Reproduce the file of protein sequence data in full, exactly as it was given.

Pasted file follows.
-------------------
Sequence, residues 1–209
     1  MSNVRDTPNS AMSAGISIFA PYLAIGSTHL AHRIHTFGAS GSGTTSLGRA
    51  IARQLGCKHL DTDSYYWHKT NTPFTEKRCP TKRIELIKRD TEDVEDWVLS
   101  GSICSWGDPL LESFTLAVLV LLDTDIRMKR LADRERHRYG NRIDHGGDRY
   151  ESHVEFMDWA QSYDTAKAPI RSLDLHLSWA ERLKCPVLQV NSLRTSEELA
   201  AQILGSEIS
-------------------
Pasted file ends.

Sequence, residues 1–209
     1  MSNVRDTPNS AMSAGISIFA PYLAIGSTHL AHRIHTFGAS GSGTTSLGRA
    51  IARQLGCKHL DTDSYYWHKT NTPFTEKRCP TKRIELIKRD TEDVEDWVLS
   101  GSICSWGDPL LESFTLAVLV LLDTDIRMKR LADRERHRYG NRIDHGGDRY
   151  ESHVEFMDWA QSYDTAKAPI RSLDLHLSWA ERLKCPVLQV NSLRTSEELA
   201  AQILGSEIS